They will teach them their first prayers. They will bring them to church; and although the child cannot offer himself yet, he will receive gifts from the Good Lord. God resides in them by the grace of their baptism, and a mysterious exchange will take place between the temple of their souls and the tabernacle. They will teach them the mysterious character of the church; they will show them how to respect the sacredness of this place dedicated to God. To give a few examples in this regard, they can, while very young, learn how to join their little hands in a praying manner, to make the sign of the cross, to kneel down and learn how to stay still, to keep silent in the presence of the Blessed Sacrament and feel already without understanding it the holiness of the House of God.
But the first duty of parents is not limited to that of opening their souls, of their intelligence to the Faith. They must from birth prepare the virtues of tomorrow by giving and practicing good habits already. The child has not yet reached the age of reason, but it does not mean that his actions are indifferent–on the contrary, every one of his actions, his habits, matters. Every habit he adopts, even in an unconscious way, will continue tomorrow, but under the grip of his reason. That is why it is so important, already at their young age, to teach them how to say “please” and “thank you” for anything they receive, even by a sign before they can verbalize it; and by doing so educate the virtue of gratitude. Another example would be the education of truth, which starts from birth. Parents should never lie to their children or avoid waiving in their decisions. “Let your speech be ‘Yes, yes; no, no’; whatever is beyond these comes from the evil one” (Mt. 5:37). These things may seem of little importance, but they are not.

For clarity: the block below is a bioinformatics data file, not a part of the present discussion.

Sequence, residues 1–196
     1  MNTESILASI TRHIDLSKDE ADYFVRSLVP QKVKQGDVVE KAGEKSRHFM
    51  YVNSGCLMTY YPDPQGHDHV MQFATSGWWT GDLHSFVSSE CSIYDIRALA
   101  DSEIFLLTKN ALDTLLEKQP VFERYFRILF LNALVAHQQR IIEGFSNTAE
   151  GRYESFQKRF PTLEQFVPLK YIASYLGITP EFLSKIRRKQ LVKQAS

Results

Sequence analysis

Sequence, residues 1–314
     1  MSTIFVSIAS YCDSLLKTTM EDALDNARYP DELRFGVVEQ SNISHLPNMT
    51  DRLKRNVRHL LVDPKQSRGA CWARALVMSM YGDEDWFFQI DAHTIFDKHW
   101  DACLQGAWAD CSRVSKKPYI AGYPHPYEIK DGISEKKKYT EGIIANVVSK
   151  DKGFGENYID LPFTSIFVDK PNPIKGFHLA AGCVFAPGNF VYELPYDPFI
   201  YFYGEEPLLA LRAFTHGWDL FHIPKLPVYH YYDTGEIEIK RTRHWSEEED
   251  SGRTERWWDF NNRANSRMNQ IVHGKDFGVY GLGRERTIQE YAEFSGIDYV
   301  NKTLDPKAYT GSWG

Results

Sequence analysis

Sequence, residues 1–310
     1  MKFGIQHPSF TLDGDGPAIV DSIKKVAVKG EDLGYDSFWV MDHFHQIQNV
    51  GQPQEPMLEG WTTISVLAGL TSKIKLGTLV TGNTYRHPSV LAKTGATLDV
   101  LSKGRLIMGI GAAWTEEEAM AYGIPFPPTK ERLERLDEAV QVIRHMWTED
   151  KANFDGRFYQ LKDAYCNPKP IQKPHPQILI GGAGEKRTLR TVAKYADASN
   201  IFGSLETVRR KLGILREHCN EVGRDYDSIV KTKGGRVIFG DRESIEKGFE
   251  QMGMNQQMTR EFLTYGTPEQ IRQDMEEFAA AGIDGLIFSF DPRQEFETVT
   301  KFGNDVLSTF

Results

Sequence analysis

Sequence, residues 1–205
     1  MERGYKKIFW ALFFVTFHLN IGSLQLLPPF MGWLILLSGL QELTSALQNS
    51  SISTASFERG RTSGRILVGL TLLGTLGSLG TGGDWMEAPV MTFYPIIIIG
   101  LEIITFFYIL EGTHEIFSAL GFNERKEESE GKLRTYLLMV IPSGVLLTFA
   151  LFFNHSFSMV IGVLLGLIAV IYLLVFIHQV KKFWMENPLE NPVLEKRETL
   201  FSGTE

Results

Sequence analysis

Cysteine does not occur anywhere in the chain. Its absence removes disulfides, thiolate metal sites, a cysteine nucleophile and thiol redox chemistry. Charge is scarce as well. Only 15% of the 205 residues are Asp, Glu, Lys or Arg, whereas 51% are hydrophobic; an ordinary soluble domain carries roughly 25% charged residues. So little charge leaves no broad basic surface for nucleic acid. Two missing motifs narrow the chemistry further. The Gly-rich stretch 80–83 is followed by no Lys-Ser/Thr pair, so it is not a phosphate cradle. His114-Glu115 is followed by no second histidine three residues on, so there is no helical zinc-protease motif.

It is so common to see that the children are allowed to do whatever they want because, “well, they don’t understand what they are doing anyway.”—What a terrible mistake! Even before knowing it, before fully understanding it, they are induced to renounce the promises of their baptism.
Even children yet without reason must be taught discipline as well as led to acts of sacrifice, not doing whatever they want, giving in to all of their whims. We can, for instance, educate the spirit of sacrifice by making them wait a little before eating. At a very young age, they have a certain understanding of what is right or wrong, what is beautiful or ugly, what is allowed or forbidden, and even while they are too young to have this comprehension, they need to cultivate the right habits.
But all too often, we see parents coddling, giving in to all the caprices of their young children, not even recognizing that they are creating their own misfortune. Early on, children need to be corrected, especially as regards disobedience. You can read in the eyes of the very little ones how they know when they are not obeying or when they are manipulating their parents.
Naturalism, for centuries, has influenced the education of children; it has penetrated every home to the point that we have forgotten the consequences of Original Sin. Even after baptism, even in those ‘little angels,’ where the Holy Trinity remains, the tendency to evil exists. It is there, and it needs to be rectified–the sooner, the better. Therefore, the more the toddler learns virtue, even in an unconscious and routine way, the less Original Sin will leave its marks.
It is in the very first years, before the age of reason, that the first education is given. It is difficult to realize just how important it is, because we don’t see yet the consequences of our mistakes. Nevertheless, it is there that parents prepare the saints of tomorrow, as well as the rebels—“Despair not, but raise your son.” Let us keep on bringing up the children God has entrusted to us in a thoroughly Catholic way, remembering that they are not given for our enjoyment but for the glory of God, that they may love and serve God on earth and for all eternity. May the Holy Family be the model of every Catholic family.
With my prayers and blessing in the Immaculate Heart of Mary,
Fr. Arnaud Rostand